Help Reduce the Chances Your Child Will Develop a Drug or Alcohol Problem
- Build a warm & supportive relationship with your child.
- Be a good role model when it comes to drinking, taking medicine & handling stress.
- Know your child's risk level.
- Know your child's friends.
- Monitor, supervise & set boundaries.
- Have ongoing conversations & provide information about drugs & alcohol.
The easiest way for teens to obtain prescription medicines is from their friends or their parents' medicine cabinet. It's so common that it could happen even in your house!
Signs Your Child May Be Using Alcohol or Drugs
- Problems at school- falling grades, skipping class, disciplinary issues.
- Sudden mood changes- temper flare-ups, irritability, defensiveness.
- Personality changes, lack of interest in hobbies/activities.
- Disrupted eating or sleeping habits.
- Memory lapses, poor concentration, bloodshot eyes, slurred speech, lack of coordination.
- Unexplained disappearance of medicines in the household.
- Change in friends and/or hang-outs.
- Secretiveness and withdrawing from family.
- Missing things/money from the house; increased requests for cash.
Talking To Kids About Alcohol
5 Conversation Goals
1. Show you disapprove of underage drinking.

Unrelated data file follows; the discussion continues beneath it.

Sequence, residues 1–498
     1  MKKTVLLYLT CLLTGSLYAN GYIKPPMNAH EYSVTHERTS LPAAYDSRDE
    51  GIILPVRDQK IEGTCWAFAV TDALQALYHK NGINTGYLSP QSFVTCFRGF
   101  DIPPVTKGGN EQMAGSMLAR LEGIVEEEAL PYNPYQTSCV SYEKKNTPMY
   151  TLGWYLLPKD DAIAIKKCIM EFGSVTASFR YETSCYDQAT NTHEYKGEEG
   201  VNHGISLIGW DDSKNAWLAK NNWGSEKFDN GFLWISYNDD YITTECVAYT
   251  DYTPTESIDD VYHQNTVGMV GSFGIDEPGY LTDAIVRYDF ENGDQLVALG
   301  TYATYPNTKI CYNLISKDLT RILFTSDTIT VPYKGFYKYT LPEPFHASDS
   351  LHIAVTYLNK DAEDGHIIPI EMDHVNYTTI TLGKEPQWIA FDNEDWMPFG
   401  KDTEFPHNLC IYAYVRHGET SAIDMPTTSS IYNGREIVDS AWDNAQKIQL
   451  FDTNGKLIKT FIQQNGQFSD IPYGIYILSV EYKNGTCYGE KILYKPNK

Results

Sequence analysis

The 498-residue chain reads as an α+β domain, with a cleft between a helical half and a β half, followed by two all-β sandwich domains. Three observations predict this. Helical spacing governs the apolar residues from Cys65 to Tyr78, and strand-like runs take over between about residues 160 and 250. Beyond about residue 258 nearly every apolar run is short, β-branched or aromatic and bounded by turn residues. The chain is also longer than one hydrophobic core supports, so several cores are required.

More than 80% of young people ages 10-18 say their parents are the leading influence on their decision to drink or not drink. So they really are listening, and it’s important that you send a clear and strong message.
2. Show you care about your child’s happiness and well-being.
Young people are more likely to listen when they know you’re on their side. Try to reinforce why you don’t want your child to drink—not just because you say so, but because you want your child to be happy and safe. The conversation will go a lot better if you’re working with, and not against, your child.
3. Show you’re a good source of information about alcohol.
You want your child to be making informed decisions about drinking, with reliable information about its dangers. You don’t want your child to be learning about alcohol from friends, the internet, or the media—you want to establish yourself as a trustworthy source of information.
4. Show you’re paying attention and you’ll notice if your child drinks.
You want to show you’re keeping an eye on your child, because young people are more likely to drink if they think no one will notice. There are many subtle ways to do this without prying.
5. Build your child’s skills and strategies for avoiding underage drinking.
Even if your child doesn’t want to drink, peer pressure is a powerful thing. It could be tempting to drink just to avoid looking uncool. To prepare your child to resist peer pressure, you’ll need to build skills and practice them.
Keep it low-key. Don’t worry, you don’t have to get everything across in one talk. Many small talks are better.from SAMHSA.gov
What to do if your child is drinking or using drugs
You can never be too safe or intervene too early - even if you believe your child is just "experimenting."The Partnership for Drug-Free Kids has developed an Intervention eBook to address common questions.
The WS/FCS Safe & Drug-Free Schools office can help answer your questions and identify possible referrals. You can remain anonymous if you choose or we can involve school support staff. No parent needs to feel alone We are here to help.